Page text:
Remarks on the Therapeutic Action of the Aconitum Ferox, or Indian Aconite

D. H. Cullimore
1884 BMJ (Clinical Research Edition)  
Dec. P7,1884}-tdPLCAL eP~}' _ __5._ have a most ,v4luable objective -test. By its,-means, we caio quickly, easily, and thbi6tigh1 examine the media a1 d the various parts 'of hte fundus oculi; we a1o, without difficulty, determine the quality of any' error of refraction. believe, also, that' by prolonged practice some observers becdmne so -expert .that they ore able 'to calculate the amount 'f the,error'of refraction in any given meridi'it.i I regret to say, however, that in my experience,
more » ... -this hower of estimating the exact quantity of error has been extremely difficult to.acquire. The essential. rules'for this 'method are, (1) that the observer's eye shall be emmetropic, and.his accommodation recfed. (2.) That' in myopia the weakest concave lens with which the fundus can be clearly seen is the measure of the myopia. (3.) That in hypermetropia the strongest convex lens with which the fundus can be clearly'seen is-the measure of the hypermetropia.,-(4.) That in asti'mantism the refraction of either principal meridian may be a scertanid by finding the weakest concave or. the strongest .convex glass, with 'which vessels whose course is at right angles to that meridian can. be seen. Now, with regard to-the first of these requirements, I ,And it a very difficult matter to know where mny own -accommodation is* completely. relaxed. I' hm", therefore, uncertain as 'to' the estimation of the quantity either of mlyopia or of hypermetropia. With astigmatism I am still less certain, for here we' are obliged to examine, not the region of the yellow spot-which corresponds to the visual axis, but the region of the optic disc, from which vessels are radiating in several directions. I say, that owing to the paucity of visible blood v,ssels, in the imnmediate vicinity 'of the yeflow spot, I should be unable accurately' to estimate the amount of astigmatism even if ,I possessed the power of completely relaxi;ng my own accommodatin. I admit, however, that an expert" and I believe thereare xiany such, can often arrive at a very, close estirmate of the, refraction, even of an astigmatic eye; but I know, not only from 'my own experience, but from that of many students and practitioners with' whom Tam constantly working, that,thi,s is an accomplishment soiwewhat similar to that of playing, the violin ; it requires not onlyaptitude, but-prolonged and constant practice. To those who have thqroughly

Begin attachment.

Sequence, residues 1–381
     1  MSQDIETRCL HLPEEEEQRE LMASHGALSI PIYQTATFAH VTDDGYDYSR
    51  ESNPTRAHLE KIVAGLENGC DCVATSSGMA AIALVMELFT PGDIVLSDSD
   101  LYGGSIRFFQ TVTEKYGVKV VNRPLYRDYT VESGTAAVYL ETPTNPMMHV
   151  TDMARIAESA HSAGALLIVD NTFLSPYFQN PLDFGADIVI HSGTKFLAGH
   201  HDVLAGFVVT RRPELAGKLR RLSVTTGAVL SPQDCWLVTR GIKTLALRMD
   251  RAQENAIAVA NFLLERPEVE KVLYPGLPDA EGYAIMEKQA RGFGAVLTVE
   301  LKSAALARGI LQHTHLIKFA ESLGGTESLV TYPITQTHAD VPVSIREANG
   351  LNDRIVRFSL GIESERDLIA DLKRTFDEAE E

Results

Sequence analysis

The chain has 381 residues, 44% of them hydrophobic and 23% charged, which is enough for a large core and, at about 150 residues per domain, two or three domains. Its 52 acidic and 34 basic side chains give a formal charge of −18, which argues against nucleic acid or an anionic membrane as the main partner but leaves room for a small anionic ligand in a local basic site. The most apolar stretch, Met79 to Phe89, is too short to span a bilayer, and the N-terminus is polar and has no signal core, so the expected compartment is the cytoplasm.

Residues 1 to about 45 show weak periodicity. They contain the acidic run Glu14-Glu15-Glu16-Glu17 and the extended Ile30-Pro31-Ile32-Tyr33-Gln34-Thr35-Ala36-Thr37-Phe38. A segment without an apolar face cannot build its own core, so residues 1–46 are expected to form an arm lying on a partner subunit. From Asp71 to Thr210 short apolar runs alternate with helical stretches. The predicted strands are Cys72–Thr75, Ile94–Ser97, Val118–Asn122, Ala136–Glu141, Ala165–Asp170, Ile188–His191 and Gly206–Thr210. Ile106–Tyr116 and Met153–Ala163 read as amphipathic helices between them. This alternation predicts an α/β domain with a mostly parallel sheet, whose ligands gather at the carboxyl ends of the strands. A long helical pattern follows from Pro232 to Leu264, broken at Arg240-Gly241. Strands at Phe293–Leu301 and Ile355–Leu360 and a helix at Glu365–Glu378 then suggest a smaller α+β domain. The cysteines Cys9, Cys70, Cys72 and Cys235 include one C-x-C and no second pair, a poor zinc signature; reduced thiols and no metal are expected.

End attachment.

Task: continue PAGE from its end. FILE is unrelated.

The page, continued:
doi:10.1136/bmj.2.1252.1275 fatcat:ahz222bhjrbyhcxhvc57kuqgmi